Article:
Everyone should have a plan. Unfortunately not many people do. Your plan needs to include all possible aspects and possibilities. Wildfires, floods, tornadoes, earthquakes, civil unrest and disorder and any other possibilities which are unique to your situation and geographic area need to be considered.   For example,  if you live off the beach in California, you probably won’t have to worry about sitting out a week-long winter in your house. But you would have to worry about earthquakes.

Here are some of my tips on creating a plan. This also comes from more that just my experience in insurance.

  1. You need to scout and brainstorm all scenarios of all possibilities in your area. For example If you are in a flood area, your plan should be based off not just one,  but many possibilities.
  2. Build your plan. The plan should include all family members, no matter where you  are at.(work, school, etc) Have a meeting point A, B, C and etc. This will let you reunite with family, especially if one of the family members gets mixed up in all the havoc.
  3. Include your family, friends, neighbors and whoever else you can trust in you plan.
  4. Have bug out bags. If you need to get out in 5 minutes, you have to be out in 5 minutes! Everyone should have a bug out bag in the family. For more info on bug out bags, Google it! There is a ton of info out there on them.
  5. Be ready to possibly bug in. If you have civil unrest and there is no rule of law, don’t go far from Dodge!  Best thing is to turn into a ghost.
  6. Be prepared with supplies! If you’re not, and if there is an emergency, grocery shelves will be empty. Just google about empty grocery shelves on you tube during Katrina. There are plenty of peppers on you tube that can give you good advice. I am not saying to have 5 years worth of food, but a good back up supply won’t hurt. Don’t forget other things, such as extra fuel, propane, candles, medicine, communication, maps and etc.
  7. Be able to protect you and your family. Yes, have some sort of defense plan. As we all know the gun is a great equalizer. I personally think a Gun is your best defense. If you don’t like guns, have something else! When thugs are looting your neighbor and every single cop is busy in the city, the only law left is between you and the thugs. When they get to your house, you don’t want you or your family to be victims.
  8. Have locations B and C as bug out locations. Maybe the city has become unsafe and now its time to get out of Dodge. You, family and friends all need to know these locations. It wouldn’t  hurt to have location D. This can be very important for reuniting later on.
  9. There are many more tips out there for being prepared and having a plan. In my opinion, there is no such thing as doing something wrong. A lot of it is personal preference. Go out and do more research. Find what is best for you.

So all in all, be prepared and have a plan! Don’t forget the 5 basic needs of survival. Water, Food, Shelter, Fire(heat) and Security. The last position you want to be in are like the unprepared people from Hurricane Katrina in 2005. No water, no food, no nothing. You wouldn’t also want to end up in the New Orleans Super Dome of lawlessness.  You never know what might be around the next corner or what lies in the future. Don’t be a “it’ll never happen to me” person. Because when the Calvary can’t come rescue you, it’ll be just you and your family, friends and neighbors. The best thing is always to be prepared for the worst and hope for the best.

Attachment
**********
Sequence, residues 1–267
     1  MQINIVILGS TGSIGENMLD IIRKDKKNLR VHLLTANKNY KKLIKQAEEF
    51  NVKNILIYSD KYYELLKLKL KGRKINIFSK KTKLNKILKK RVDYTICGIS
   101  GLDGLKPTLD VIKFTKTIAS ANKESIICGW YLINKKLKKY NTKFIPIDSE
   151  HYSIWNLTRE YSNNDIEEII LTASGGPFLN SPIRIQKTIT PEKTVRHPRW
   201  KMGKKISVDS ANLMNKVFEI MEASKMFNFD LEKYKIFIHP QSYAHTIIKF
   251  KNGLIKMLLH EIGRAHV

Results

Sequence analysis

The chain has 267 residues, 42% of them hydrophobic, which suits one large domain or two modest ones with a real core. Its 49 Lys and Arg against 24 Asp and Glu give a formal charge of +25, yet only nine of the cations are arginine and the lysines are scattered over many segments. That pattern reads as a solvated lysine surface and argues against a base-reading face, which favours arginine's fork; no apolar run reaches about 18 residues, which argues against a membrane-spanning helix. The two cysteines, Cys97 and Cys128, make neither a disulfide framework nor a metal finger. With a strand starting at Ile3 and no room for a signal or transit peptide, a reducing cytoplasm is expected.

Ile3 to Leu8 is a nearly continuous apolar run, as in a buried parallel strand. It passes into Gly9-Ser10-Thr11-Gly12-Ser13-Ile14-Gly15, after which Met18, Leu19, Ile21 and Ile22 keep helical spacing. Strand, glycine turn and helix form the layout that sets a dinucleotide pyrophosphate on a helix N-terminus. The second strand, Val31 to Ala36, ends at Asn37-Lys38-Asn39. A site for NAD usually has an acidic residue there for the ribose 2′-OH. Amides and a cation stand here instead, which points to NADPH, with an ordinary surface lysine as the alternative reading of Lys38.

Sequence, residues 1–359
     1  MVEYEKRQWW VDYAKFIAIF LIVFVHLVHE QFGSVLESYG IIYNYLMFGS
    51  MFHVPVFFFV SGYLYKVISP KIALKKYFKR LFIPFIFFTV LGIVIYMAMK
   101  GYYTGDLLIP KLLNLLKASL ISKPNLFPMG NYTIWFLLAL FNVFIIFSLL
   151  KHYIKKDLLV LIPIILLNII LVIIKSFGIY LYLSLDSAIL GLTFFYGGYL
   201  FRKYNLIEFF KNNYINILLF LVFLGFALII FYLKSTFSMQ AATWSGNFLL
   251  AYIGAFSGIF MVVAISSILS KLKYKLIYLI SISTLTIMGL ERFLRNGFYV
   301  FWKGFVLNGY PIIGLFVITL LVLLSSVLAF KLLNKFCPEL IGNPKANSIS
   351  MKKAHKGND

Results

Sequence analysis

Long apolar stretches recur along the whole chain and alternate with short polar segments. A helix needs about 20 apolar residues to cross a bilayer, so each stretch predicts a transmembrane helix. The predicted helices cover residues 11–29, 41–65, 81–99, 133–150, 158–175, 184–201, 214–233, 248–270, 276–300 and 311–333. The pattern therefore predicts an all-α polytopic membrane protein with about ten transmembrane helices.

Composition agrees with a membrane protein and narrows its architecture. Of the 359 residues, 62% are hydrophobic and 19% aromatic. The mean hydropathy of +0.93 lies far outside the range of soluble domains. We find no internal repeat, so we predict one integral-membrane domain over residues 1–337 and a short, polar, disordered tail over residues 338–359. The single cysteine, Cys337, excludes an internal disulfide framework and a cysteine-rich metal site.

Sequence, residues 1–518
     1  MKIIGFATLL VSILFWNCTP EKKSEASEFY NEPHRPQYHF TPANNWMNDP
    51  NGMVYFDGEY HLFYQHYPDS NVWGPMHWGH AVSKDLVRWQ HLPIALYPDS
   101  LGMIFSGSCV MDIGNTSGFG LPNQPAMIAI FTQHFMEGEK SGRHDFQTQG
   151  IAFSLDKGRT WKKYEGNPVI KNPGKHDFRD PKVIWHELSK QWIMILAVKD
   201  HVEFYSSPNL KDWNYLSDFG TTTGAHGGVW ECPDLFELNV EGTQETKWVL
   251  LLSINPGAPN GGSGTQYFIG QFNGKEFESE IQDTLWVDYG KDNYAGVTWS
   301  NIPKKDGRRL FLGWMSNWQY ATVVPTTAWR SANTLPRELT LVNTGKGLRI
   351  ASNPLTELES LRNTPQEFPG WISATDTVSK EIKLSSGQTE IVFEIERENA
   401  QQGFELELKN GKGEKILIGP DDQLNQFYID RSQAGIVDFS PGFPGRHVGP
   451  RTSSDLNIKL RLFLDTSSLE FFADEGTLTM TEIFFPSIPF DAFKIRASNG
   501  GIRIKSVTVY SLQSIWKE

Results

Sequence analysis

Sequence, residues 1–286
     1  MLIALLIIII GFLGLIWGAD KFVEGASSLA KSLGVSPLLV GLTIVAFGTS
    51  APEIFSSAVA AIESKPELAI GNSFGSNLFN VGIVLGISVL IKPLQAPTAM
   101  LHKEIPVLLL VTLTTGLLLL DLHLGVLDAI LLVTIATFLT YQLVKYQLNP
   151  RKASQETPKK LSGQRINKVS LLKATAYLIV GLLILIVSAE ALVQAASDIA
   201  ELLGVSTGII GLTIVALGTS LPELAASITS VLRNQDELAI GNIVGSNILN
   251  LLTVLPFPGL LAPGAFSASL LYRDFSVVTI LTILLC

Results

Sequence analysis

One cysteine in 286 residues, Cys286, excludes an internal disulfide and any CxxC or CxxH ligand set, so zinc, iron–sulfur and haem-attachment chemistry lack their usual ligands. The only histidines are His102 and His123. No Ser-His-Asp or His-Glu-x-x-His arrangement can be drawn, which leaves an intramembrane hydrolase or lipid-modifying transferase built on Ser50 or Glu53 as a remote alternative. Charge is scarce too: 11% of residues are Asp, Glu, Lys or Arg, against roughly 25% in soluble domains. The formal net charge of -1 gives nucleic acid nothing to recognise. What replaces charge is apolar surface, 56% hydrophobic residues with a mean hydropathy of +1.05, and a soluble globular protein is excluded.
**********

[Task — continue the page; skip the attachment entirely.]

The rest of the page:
Waldo And High Park Fire Have Resulted In Nearly $450 Million Dollars In Losses

According to RMIIA, this wildfire season has been the most destructive in Colorado history. After major droughts through out Colorado, dry conditions caused 2 major wild fires to break out. So far the High Park & Waldo Cannon fire have cost nearly $450 million in losses and counting. This is all after the Lower North Fork fire, which burned 47 homes and killed two people. 2012 has by far been the worst year for insurance companies in Colorado. Not only have the wild fires contributed to major insurance losses, but hail, wind and flooding hasn’t helped either.  Alone this year, they have added up to about $322 million in losses.

So what does this all mean for your home insurance renewal coming in the mail with in the next year? Insurance companies are most likely going to have to pass on the nearly $800 million loss to consumers. A lot of companies are also looking at or already have gone to a mandatory %1 wind and hail deductible. We are also seeing a lot of companies making in mandatory, to have both your auto and home insurance bundled with them. They will no longer accept “mono-line” home insurance policies. This is also the same for “landlord” policies as well.

We are on a “bumpy ride” with property insurance rates and conditions for at least the next 3 years. Could even be longer. I personally think this is going to change how insurance works for a long time in Colorado. Not only have we had huge losses from wild fires, hail, wind and etc., other factors have and will contribute to high insurance rates in Colorado. Previous losses from 2009 and 2011 haven’t helped. Insurance companies have and still have to deal with a bad economy. This ultimately leads to poor return on investment for insurance companies. Insurance fraud spikes during bad economies. Also people who haven fallen of the books, due to losing their homes during the recession, doesn’t help neither